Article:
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Topic: exact blocklength necessary for burning tracks to cd? (Read 1309 times) previous topic - next topic
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exact blocklength necessary for burning tracks to cd?

I’ve done a fair bit recently with editing some bootleg cd’s that I have.  As is often the case with bootlegs, some of mine don’t have the tracks divided up very well... sometimes two songs will be together in a "medley" (which means that whoever mastered the cd didn’t make a division where one should have been placed) or the cut comes after the beginning of the main track or before the previous track has ended, or in the middle of talking or whatever.  So I rip the cd tracks and use EAC’s Wave Editor program to cut and paste so that the tracks end and start where I’d like them to... sometimes I end up with more tracks than were on the cd, if I make "technical difficulty" portions of the concert and longer talking portions and such into their own clips.  This is all well and good, and is very nice to listen to from the computer using ogg (-q 5.5), seamless playback and each segment of the concert is easily accessible without any seeking.

However, I failed to keep in mind that cd audio is set up in blocks, 75 to a second.  Given the sample rate of 44100 hz, that’s 588 samples per block (44100/75 = 588).  Since I set the track beginnings and endings where it sounded best, I haven’t created tracks with a clean blocklength, meaning the track has a length not cleanly divisible by 588.  With my setup of the following:
burning program - NTI CD-Maker 2000 Plus
burner - BTC 12x8x32
driver - Adaptec 4.60 Aspi
the cd comes out with tracks of a clean blocklength by having silence added to the end of each track to fill up the remainder of each block.  Say a track is made up of 16,556,786 samples = 28,157 blocks and 470 remaining samples that don’t quite fill up the final block.  That’s 6 minutes, 15 seconds, and 19,286 samples of what would be the 16th second.  19,286 samples would be 32 blocks of 1/75 second each, leaving 470 blocks remaining that don’t fill up a block.  When burned to a cd, then, 118 silent samples are added to the end of the track to fill up the tracklength to a clean 6 minutes, 15 seconds, and 33 blocks.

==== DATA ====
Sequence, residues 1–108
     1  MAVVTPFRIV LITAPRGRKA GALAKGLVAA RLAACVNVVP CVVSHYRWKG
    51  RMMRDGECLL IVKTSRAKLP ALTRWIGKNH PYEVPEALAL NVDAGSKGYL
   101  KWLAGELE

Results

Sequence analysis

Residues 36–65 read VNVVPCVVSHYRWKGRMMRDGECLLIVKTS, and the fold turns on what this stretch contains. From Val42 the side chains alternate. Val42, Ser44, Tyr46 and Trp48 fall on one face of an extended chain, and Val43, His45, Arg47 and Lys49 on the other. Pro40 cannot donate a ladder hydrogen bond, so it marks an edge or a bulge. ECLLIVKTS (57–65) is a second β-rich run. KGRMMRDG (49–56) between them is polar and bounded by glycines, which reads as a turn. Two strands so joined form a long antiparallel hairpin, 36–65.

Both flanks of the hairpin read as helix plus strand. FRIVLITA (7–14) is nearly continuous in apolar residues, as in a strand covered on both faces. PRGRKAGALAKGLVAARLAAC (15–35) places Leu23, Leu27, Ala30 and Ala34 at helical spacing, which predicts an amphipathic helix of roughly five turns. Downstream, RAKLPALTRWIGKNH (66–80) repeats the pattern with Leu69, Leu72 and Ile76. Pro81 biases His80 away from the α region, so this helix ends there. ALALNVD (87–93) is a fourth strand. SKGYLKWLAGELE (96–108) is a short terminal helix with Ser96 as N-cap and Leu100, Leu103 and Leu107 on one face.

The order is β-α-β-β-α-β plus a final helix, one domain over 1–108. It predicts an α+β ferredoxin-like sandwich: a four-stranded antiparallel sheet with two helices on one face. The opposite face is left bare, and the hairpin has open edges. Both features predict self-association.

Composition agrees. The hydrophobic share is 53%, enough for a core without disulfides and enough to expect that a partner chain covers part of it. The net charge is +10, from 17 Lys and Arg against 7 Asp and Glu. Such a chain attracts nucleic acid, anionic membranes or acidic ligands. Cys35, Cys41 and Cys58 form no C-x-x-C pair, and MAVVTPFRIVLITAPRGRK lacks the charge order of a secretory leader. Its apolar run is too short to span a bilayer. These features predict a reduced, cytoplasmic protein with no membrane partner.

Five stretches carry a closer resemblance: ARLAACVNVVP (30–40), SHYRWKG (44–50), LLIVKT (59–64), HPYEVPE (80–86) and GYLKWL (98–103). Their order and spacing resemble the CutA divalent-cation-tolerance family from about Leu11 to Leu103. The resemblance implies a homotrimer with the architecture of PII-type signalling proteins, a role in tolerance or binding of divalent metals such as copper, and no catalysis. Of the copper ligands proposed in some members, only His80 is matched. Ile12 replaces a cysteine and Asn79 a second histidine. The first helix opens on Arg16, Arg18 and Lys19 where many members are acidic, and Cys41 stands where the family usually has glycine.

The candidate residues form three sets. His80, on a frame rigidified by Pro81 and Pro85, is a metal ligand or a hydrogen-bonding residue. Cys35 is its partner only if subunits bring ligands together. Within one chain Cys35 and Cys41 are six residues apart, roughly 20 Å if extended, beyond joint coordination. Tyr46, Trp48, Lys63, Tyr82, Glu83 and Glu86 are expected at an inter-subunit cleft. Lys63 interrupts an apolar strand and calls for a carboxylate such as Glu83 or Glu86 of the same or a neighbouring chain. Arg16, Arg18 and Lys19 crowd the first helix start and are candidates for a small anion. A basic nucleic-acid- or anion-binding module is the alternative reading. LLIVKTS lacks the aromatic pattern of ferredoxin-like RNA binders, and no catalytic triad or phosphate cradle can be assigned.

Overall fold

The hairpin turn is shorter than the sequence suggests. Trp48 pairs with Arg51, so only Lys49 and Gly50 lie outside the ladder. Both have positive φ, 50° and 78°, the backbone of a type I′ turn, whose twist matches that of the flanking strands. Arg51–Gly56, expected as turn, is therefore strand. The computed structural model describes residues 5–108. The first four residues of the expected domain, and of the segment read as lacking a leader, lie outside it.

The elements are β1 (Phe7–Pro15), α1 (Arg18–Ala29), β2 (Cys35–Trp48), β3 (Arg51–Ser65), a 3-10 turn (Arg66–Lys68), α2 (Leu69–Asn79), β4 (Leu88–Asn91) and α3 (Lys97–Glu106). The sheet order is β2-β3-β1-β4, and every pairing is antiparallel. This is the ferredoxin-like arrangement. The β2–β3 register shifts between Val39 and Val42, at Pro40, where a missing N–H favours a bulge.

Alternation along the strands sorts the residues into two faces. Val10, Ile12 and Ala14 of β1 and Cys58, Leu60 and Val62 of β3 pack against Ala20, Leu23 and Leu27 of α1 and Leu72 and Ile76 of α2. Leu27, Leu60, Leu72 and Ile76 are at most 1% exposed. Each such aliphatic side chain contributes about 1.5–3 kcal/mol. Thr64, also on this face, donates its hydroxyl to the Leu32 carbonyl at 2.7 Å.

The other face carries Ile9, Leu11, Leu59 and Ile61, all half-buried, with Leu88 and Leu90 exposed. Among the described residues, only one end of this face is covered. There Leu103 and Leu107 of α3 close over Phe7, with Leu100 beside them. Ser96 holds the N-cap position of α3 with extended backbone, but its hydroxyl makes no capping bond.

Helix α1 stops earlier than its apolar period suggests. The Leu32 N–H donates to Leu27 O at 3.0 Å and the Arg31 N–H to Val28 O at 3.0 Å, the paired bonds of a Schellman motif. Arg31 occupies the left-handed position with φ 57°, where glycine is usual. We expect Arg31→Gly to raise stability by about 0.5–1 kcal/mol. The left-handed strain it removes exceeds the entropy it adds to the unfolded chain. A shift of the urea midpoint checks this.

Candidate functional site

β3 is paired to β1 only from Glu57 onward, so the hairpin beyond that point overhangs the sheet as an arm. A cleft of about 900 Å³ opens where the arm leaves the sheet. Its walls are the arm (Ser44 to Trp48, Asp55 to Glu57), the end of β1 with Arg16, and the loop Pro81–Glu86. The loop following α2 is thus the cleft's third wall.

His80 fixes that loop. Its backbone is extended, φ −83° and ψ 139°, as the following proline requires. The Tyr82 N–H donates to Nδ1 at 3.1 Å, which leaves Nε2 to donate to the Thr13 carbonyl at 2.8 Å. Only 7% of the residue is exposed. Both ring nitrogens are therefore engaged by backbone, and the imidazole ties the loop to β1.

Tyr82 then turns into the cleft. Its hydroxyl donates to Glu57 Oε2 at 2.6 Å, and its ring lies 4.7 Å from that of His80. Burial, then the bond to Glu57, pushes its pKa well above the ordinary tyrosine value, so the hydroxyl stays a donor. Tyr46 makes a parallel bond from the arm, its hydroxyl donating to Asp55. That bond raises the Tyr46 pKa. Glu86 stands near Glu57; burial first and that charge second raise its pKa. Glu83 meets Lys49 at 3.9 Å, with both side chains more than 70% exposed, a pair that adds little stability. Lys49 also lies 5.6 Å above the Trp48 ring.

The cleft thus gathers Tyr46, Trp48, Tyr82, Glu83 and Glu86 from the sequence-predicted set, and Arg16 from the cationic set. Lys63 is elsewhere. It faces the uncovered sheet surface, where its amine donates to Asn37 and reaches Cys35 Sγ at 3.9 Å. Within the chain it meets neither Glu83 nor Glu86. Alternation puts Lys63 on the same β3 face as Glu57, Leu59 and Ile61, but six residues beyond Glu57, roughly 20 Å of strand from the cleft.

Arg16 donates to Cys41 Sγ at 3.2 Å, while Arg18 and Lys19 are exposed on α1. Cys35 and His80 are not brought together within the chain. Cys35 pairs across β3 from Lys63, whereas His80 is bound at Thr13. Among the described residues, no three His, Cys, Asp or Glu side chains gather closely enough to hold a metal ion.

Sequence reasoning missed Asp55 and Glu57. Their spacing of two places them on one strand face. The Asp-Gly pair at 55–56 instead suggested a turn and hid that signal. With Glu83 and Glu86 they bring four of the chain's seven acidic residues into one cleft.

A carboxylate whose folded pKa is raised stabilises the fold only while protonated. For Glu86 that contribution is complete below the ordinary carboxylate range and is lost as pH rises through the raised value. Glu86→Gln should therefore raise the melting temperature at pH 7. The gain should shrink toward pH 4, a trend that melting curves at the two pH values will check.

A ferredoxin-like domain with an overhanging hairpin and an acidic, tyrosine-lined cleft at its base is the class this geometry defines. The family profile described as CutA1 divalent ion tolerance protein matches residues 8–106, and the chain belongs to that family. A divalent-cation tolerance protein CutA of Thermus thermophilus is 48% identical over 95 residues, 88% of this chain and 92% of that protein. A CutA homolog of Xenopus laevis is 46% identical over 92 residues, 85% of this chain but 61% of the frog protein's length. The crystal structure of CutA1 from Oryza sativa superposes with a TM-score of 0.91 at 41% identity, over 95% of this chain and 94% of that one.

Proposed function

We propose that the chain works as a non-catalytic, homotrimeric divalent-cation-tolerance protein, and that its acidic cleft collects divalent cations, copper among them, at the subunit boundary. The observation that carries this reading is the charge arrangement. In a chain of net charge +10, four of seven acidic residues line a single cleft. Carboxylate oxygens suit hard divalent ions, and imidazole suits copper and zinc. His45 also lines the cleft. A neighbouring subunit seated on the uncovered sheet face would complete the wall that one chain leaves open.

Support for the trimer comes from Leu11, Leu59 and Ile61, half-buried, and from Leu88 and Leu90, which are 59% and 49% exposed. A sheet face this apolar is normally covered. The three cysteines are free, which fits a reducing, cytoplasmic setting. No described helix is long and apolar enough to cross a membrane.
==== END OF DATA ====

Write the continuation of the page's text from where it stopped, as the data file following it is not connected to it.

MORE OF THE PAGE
As might be imagined, this slight gap of silence - anywhere between 0 and 587 samples in length - can slightly screw up a live recording, as I can often hear the tiny pause in the live sound, which should be continuous.  Typically, I can’t notice these gaps when they are less than 300 samples in length, but I’d still ideally like for my live cd to be fully continuous.

What I’d like to know is, is there any way to set up the burning program so that the audio information will be continuous despite the input files not being of even blocklength?  That is, might it be possible to set up NTI CD-Maker (or get another burning program which could do this) to round up or down depending on the length of the leftover samples?  That is, if the leftover samples are less than half a blocklength of 294 samples, the beginning of the next track would be placed at the end of the previous clean block, and the remaining samples of the track would be placed at the beginning of the next track, and if the end of a track leaves more 294 or more samples after the last complete block, a final block would be formed from those followed by the necessary number of samples taken from the beginning of the next track...

The only other alternative that I see, if I want cd’s without tiny gaps between tracks, is to laboriously go back through my ripped tracks and cut and past so that the sample length of each track is cleanly divisible by 75.  And that could take a very long time.  And while a year off before grad school without a job affords me a lot of time, I don’t care to do too much busy-work such as would be required to manually round out the blocklength of a lot of wav files.

Any suggestions are appreciated.  Thanks much.
God kills a kitten every time you encode with CBR 320

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